In a DW interview, the UN Special Rapporteur on Torture lauds the US Senate committee’s report, but regrets the heavy redactions. He urges legal consequences and wants Russia, China and Iran to release their own reports.
Juan Méndez is the UN Special Rapporteur on Torture.
DW: In an open letter last month you and other UN experts urged the US to release the Senate torture report. Are you satisfied that the Obama administration did publish it despite massive pressure not to?
Juan Méndez: It wasn’t the Obama administration it was the Senate Committee on Intelligence. But it is good and the Senate is part of the state represented in the international community. I would have preferred that the report was much less redacted than it is. And I also expect that in the future the whole report, not only the executive summary, be released. I know that thousands of pages are not easy to release, but at least for history, for posterity it should be released.
But having said all that I have to say that this report is a good example of how good investigations on this very difficult subject should be done. It is thorough and it engages all possible angles of the matter. It’s a devastating picture, but the Senate Committee on Intelligence deserves credit for coming clean on a history that is not easy to report on.
What is the most important thing you have learned from it so far?
The most important thing is that our worst fears about how extensive and how cruel and damaging torture was used during the first years of the global war on terror were confirmed. But also it shows how much denial and deviousness and lying to Congress and to the American public took place. I do expect however that everybody should understand that this is a first step and that the United States doesn’t fulfill all of its obligations by publishing its report. Because under the Convention against Torture the state is also required to investigate, prosecute and punish everybody who should be responsible.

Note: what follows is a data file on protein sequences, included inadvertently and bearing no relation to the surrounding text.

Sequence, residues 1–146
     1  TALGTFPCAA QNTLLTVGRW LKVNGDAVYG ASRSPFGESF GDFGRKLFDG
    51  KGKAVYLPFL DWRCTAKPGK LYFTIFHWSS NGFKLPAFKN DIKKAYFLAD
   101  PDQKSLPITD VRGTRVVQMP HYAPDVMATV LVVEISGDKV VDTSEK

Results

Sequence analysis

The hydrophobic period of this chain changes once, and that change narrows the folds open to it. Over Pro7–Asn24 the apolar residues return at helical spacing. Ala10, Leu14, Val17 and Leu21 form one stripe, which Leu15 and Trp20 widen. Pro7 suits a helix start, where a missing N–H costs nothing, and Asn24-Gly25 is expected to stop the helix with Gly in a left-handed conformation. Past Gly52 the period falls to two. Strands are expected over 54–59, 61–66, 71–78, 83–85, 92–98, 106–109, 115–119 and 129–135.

Do you expect the US to do so?
No, I don’t, but it is important to insist on it. And I don’t expect it to happen anytime soon, but it doesn’t mean that it cannot happen down the road. And that’s why I think experiences with other countries show what is impossible to envision doing today may become possible in the future. And it is important to leave all these possibilities open so that it might happen.
China, Russia, Iran and other countries with grave and ongoing human rights problems have used the report to lash out severely against Washington. Are they justified to do so in your opinion?
They can say whatever they want. They have to live up to their own obligations as well and we in the United Nations are going to try to hold them up to those obligations. There is plenty of truth-telling to be done from all of those countries and unfortunately many more. In the meantime, of course, they are entitled to their opinion and it is right that they have joined some highly democratic states that have expressed their concern about what this report shows while at the same time praising the fact that the report was done.
Would you call on China, Russia and Iran to release their own torture and human rights reports?
Yes of course. We call for that for all states, even for the very old and past abuses as well. I think the obligation to investigate, prosecute and punish including to investigate and release to the public information about what happened is customary in international law even for countries that have not signed and ratified the Convention against Torture. So all states have to do this and they ought to do this even for decades-old cases of torture. In this sense, the release by the Brazilian Truth Commission of a damning report of what happened during the military dictatorship there is a very good example that should be praised alongside the report of the Senate Committee on Intelligence.